In an embodiment of the present invention, two different aspects can be correlated with each other for an assessment of the quality of a network. On the one hand the bit error rate, which is dependent on the quality of the transmission channel, can be considered. If the values of the bit error rate are too high, a flawless usage of the transmission channel is no longer possible. The network element manufacturer or the network operator has to find the causes of the excessively high bit error rate values. However, and this is taken into consideration with an embodiment of the present invention, the transmission quality is not only dependent on the topology but also on the type of use of the network element(s) or channel(s) available, for example the number of the simultaneously active user, on the other hand. Another factor could be unnecessary handovers between neighboring cells. Through embodiments of the present invention, these different causes of quality loss in a network can be reliably correlated with each other, be compared with each other and be jointly evaluated to improve the quality of the network in processes requiring much less time than known from prior art.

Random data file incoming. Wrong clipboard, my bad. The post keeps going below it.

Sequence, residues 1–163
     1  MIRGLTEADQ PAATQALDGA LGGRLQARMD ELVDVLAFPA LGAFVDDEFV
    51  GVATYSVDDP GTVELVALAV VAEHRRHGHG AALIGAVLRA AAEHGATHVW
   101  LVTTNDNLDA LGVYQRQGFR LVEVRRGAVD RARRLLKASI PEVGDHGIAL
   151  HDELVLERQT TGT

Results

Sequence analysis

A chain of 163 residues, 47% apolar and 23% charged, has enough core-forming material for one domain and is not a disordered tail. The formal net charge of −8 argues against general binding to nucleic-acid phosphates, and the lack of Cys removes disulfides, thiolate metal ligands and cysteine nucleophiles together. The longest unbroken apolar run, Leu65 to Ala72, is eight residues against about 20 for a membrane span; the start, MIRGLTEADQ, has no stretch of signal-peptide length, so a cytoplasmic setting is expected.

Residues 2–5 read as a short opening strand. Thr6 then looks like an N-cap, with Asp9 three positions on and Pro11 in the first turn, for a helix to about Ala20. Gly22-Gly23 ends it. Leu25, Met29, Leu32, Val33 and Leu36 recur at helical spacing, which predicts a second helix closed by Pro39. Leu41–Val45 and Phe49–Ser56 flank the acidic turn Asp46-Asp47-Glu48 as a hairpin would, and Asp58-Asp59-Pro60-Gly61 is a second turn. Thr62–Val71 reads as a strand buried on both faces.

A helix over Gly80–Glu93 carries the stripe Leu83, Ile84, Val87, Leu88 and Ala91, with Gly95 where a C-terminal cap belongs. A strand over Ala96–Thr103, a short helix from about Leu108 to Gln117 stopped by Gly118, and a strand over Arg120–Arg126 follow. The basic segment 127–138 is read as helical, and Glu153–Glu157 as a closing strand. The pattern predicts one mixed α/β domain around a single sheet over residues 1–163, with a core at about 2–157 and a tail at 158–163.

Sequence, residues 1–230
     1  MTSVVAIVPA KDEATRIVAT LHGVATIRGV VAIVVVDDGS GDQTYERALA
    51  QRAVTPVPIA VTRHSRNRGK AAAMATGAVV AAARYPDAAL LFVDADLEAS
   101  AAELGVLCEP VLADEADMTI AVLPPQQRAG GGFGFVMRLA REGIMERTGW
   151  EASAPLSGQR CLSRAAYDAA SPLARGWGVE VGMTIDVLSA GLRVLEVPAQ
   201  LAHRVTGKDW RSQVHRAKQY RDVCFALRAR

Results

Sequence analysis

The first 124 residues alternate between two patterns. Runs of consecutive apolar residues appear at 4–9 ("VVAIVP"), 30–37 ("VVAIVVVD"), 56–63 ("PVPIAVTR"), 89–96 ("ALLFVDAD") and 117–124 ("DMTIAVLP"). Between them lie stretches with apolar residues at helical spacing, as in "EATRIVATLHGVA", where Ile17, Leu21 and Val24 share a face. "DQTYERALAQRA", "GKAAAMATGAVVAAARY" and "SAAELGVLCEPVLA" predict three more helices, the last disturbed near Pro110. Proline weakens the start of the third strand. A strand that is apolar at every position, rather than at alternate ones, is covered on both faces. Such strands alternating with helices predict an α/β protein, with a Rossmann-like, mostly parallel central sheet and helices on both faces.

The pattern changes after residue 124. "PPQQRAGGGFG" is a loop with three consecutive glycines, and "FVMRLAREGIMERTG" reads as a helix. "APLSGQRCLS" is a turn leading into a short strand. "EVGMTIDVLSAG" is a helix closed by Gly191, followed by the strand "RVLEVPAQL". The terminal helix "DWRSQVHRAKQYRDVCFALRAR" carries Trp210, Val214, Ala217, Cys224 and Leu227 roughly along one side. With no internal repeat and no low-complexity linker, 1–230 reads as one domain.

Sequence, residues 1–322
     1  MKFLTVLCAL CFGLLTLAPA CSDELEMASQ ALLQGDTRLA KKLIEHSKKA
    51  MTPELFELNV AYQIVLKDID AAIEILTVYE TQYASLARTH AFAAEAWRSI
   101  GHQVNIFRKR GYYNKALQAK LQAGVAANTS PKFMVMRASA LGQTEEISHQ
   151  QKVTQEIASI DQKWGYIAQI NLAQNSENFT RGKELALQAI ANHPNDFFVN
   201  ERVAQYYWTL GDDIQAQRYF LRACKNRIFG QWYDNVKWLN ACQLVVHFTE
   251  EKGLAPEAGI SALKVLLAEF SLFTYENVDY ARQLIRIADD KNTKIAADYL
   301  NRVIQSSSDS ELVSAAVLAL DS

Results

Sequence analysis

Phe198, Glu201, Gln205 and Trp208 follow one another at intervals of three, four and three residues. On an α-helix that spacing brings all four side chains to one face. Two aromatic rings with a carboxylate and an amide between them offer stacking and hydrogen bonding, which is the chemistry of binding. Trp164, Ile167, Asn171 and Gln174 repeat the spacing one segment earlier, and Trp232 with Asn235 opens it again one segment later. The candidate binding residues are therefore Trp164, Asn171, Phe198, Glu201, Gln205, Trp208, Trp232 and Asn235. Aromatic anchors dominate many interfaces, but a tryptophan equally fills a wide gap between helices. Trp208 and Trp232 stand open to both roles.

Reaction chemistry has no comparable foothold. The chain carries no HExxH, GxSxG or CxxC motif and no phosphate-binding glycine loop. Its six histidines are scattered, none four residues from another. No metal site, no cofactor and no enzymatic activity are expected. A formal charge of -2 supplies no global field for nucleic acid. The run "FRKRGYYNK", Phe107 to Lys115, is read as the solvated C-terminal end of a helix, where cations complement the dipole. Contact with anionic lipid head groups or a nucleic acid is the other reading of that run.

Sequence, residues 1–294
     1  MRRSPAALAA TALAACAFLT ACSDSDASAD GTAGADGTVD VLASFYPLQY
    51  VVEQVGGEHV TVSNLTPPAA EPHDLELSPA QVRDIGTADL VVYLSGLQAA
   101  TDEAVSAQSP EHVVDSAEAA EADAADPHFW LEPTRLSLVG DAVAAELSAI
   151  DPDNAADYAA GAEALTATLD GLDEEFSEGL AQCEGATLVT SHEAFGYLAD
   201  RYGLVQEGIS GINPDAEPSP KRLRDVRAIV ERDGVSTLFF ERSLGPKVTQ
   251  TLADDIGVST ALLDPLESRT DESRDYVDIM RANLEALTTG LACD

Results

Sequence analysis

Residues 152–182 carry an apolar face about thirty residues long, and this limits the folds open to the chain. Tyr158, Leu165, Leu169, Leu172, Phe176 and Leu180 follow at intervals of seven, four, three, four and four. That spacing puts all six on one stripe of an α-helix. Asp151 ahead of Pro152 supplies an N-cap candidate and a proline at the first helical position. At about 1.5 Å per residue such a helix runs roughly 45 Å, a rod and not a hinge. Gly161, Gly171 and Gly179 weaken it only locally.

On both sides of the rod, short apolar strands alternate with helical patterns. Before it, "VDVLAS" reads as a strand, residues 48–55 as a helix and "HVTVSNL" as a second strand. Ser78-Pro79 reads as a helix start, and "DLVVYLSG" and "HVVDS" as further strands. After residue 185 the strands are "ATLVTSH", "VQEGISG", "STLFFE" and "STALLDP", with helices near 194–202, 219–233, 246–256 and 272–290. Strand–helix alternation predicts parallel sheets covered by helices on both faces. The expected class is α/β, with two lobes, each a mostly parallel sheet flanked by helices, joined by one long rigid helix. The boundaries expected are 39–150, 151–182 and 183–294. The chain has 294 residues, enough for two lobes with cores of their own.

Normally, the protocol tester comprises a protocol stack having several protocol layers, the first protocol stack layer that is normally formed by the physical layer, being coupled to the input for the feeding in of data, the protocol decoding device and the device for measuring the bit error rate being coupled to a protocol stack layer that is arranged higher in the protocol stack than the first protocol layer. This means that the protocol-decoding device and the device for measuring the bit error rate, starting from the bottom-most protocol layer, jointly use several elements of the protocol stack. Said jointly used elements therefore only have to be provided once. They only have to be installed, configured, maintained and updated once. This leads to a further reduction of the effort. Synchronization and framing functions of the receipt software, for example, can be used jointly. They ensure that the protocol tester according to the present invention synchronizes itself to the data stream and forms data packets. Also jointly used are so-called reassemblers, which comprise auxiliary functions for the protocol layers, which deal with decoding. In an embodiment of the present invention, the protocol decoding device and the device for measuring the bit error rate are therefore coupled to the second, third and/or fourth protocol layer of the protocol stack.